In 1976, WBEN-TV was at the cutting edge of video technology when it built a satellite ground station. Few other television stations around the country invested so heavily in a transmission medium they saw as a threat to traditional terrestrial television, but Les Arries, Channel 4's president and general manager, was a visionary and a pioneer. For some time, the Buffal…

History

Until the fall of 1884, if you had heard the word cocaine, you would have known it as a patent medicine manufactured from coconuts meant to help prevent baldness. But readers of the Buffalo Commercial in November 1884 became the first Western New Yorkers to know about a brand-new anesthetic medicine created in Germany and brought into this country only weeks earlier. …

History

There’s plenty going on in this color snapshot in time. The futuristic Skyway is being built to help carry the 2 million people who will be living in Greater Buffalo over the next 15 years. The St. Lawrence Seaway is under construction, but so long as we “Boost Buffalo,” we should be OK. Upon close inspection, there are at least 15 lake freighters shown, filled with …

History

Through work on "Star Trek" and "Boston Legal" with a little "T.J. Hooker" and a few Priceline commercials thrown in, William Shatner and his cheeky personality have grown into an elite level of stardom and entertainment royalty as he approaches 90 years old. Back up 40 or 50 years ago, and the situation is slightly different. Although the show was still popular in …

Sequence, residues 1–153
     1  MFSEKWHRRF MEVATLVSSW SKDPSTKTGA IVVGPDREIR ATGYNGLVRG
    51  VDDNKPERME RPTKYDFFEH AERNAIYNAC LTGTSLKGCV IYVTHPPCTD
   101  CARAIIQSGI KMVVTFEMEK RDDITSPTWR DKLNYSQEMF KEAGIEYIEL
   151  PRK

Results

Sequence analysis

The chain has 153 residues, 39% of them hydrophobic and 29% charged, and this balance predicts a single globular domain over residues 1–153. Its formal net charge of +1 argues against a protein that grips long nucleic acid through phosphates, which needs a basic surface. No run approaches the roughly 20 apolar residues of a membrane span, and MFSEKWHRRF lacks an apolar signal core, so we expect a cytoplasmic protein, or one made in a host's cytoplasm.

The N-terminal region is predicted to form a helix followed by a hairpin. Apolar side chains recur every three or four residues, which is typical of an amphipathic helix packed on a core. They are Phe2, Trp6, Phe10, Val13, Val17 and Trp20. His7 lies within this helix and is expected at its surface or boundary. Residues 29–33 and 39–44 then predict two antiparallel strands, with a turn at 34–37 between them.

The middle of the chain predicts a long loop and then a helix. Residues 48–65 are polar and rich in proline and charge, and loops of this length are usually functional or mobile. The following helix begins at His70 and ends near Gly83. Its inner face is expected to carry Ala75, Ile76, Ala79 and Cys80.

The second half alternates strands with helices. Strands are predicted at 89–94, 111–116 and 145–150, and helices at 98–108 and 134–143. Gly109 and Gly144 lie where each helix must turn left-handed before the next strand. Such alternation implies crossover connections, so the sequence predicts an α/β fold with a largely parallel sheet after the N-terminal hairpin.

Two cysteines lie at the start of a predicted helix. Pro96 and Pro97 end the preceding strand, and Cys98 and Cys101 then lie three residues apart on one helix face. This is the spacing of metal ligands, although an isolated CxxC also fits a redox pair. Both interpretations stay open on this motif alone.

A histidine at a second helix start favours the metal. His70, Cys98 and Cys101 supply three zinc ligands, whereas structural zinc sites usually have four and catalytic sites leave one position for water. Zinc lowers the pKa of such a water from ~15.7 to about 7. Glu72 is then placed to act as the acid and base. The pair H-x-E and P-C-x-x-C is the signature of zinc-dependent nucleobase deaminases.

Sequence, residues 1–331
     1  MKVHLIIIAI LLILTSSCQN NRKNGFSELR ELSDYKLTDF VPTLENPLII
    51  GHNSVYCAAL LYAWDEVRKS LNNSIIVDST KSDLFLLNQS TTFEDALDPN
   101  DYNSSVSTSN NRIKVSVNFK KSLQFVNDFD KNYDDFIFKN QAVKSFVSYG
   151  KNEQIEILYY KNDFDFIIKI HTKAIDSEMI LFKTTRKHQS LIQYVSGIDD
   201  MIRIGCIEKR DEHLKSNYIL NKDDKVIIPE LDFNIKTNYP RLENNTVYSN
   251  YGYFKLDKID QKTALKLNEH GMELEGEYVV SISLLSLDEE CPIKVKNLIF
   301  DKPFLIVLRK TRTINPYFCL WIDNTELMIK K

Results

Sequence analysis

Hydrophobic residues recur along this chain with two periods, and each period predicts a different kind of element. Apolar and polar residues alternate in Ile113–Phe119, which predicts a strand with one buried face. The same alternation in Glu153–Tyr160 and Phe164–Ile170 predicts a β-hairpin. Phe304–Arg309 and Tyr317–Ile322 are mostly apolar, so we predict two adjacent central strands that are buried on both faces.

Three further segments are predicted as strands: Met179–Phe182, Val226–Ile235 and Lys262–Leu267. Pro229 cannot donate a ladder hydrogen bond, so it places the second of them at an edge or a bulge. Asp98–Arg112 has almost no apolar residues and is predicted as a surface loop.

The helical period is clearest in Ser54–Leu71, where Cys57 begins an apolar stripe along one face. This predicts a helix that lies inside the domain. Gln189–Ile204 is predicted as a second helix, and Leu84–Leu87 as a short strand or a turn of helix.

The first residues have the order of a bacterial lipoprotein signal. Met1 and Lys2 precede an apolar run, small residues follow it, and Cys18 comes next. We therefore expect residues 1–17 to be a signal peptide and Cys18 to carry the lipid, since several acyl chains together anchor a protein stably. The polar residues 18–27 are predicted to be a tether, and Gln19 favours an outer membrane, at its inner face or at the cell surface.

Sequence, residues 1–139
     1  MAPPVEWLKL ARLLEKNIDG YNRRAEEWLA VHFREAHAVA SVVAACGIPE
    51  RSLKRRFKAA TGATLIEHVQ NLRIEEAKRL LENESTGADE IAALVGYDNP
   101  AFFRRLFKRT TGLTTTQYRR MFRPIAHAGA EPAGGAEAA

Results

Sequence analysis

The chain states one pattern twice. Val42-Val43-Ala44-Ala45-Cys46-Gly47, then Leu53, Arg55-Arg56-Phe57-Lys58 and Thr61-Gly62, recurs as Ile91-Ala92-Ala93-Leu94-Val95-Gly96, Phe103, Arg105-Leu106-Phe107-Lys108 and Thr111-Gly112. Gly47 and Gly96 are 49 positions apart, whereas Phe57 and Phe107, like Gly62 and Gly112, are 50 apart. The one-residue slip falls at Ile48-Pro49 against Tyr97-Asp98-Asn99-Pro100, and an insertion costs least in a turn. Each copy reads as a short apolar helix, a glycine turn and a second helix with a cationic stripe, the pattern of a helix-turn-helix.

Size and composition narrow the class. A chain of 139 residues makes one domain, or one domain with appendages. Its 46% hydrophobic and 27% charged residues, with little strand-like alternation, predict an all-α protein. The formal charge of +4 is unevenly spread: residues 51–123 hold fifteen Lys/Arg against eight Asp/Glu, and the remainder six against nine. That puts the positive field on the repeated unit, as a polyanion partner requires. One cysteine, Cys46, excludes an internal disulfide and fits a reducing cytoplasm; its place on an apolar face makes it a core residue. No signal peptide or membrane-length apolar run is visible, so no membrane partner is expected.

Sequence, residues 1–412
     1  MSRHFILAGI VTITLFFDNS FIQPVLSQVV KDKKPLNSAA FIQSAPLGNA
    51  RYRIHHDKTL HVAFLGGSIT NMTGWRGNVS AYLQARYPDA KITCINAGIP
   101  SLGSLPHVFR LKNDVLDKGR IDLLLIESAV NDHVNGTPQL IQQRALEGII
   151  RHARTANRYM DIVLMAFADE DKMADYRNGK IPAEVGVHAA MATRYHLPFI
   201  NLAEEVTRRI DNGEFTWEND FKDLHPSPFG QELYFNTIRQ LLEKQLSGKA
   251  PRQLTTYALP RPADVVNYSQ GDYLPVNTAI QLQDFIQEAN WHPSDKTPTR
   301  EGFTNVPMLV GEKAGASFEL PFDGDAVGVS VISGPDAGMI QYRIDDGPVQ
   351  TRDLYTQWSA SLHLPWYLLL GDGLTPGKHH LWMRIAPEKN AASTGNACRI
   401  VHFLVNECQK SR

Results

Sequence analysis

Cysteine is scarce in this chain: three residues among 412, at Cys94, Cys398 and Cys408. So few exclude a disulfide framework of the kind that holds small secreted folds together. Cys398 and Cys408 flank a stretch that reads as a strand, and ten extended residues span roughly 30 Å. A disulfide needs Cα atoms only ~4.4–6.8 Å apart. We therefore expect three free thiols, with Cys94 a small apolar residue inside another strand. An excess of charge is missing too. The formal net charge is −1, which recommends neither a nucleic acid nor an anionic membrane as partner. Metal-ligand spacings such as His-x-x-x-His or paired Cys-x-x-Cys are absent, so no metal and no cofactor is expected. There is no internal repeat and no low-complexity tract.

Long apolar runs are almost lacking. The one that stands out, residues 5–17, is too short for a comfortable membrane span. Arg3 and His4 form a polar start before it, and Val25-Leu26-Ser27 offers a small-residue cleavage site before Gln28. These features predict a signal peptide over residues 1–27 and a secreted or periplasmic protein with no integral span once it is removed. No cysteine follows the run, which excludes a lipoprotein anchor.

History

Plenty of inquires come to the Torn-Down Tuesday desk, usually starting with the phrase, "Do you remember?" The emails come to me after Google searches, social media queries and maybe even sleepless nights of wonder. A handful of times over the last several years, there have been inquires about "the plane on top of the building" somewhere near the Kenmore border. Tha…

History

On this National Donut Day, we whip out the Yellow Pages of yore to look at where we might have gone for a dozen way back when. There were 16 entries under the heading "Doughnuts" in the 1969-70 Buffalo telephone directory, including some longtime favorites such as Mayflower Doughnut Shop on Main Street downtown and Jet Doughnuts on Sheridan Drive in Tonawanda. T…

History

Chronicles continues a weekly look back at an illustrated map of Buffalo from 1880 and examines how the features on that map have — or haven't — changed over 138 years. Click here to explore the map. This week, county parks crews announced that goats are being employed to maintain brush in Como Lake Park in Lancaster – an effort for which there is historical precedent. …

History

Technically, the Richmond Avenue Raceway was never torn down. As the age of horse and sleigh gave way to the automobile, racing just faded away on Richmond Avenue. “The Avenue” was a newly developed part of the city in 1879 when former Buffalo mayors Solomon Scheu and George Clinton petitioned the city to rename the street in honor of Dean Richmond. He was a Buffalo bus…